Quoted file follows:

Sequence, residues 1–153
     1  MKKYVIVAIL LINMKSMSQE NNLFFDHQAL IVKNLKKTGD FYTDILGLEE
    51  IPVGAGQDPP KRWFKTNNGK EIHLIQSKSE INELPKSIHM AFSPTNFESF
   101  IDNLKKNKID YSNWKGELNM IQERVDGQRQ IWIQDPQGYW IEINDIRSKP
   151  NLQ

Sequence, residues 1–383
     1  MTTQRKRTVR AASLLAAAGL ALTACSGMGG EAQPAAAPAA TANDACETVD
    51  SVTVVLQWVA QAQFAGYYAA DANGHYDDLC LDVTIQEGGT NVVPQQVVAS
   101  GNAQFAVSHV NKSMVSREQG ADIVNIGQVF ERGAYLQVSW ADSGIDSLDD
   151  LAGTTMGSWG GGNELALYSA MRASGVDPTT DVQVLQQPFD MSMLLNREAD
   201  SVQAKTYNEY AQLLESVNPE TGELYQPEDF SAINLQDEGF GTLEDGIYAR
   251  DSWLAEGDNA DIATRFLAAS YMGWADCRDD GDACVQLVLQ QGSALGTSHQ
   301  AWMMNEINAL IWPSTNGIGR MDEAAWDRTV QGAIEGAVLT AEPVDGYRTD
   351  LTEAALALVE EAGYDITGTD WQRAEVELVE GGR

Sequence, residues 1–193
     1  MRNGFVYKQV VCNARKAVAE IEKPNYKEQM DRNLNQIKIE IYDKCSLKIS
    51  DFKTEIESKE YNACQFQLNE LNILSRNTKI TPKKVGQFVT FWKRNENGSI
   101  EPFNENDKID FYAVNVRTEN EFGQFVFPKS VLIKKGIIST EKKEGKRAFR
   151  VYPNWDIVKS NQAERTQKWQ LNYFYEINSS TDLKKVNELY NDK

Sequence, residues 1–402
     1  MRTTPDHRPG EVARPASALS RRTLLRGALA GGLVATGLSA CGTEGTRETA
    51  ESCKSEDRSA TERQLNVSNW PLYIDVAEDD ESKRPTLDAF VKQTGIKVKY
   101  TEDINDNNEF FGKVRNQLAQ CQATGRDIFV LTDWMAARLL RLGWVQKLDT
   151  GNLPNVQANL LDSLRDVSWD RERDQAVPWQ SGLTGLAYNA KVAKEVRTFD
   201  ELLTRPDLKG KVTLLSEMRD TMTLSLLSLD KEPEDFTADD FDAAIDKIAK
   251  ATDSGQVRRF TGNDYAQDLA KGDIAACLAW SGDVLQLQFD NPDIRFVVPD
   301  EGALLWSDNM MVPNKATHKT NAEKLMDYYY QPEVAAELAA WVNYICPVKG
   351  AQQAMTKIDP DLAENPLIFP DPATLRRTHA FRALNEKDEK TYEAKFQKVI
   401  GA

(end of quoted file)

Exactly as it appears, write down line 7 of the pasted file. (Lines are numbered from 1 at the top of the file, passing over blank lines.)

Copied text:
     1  MTTQRKRTVR AASLLAAAGL ALTACSGMGG EAQPAAAPAA TANDACETVD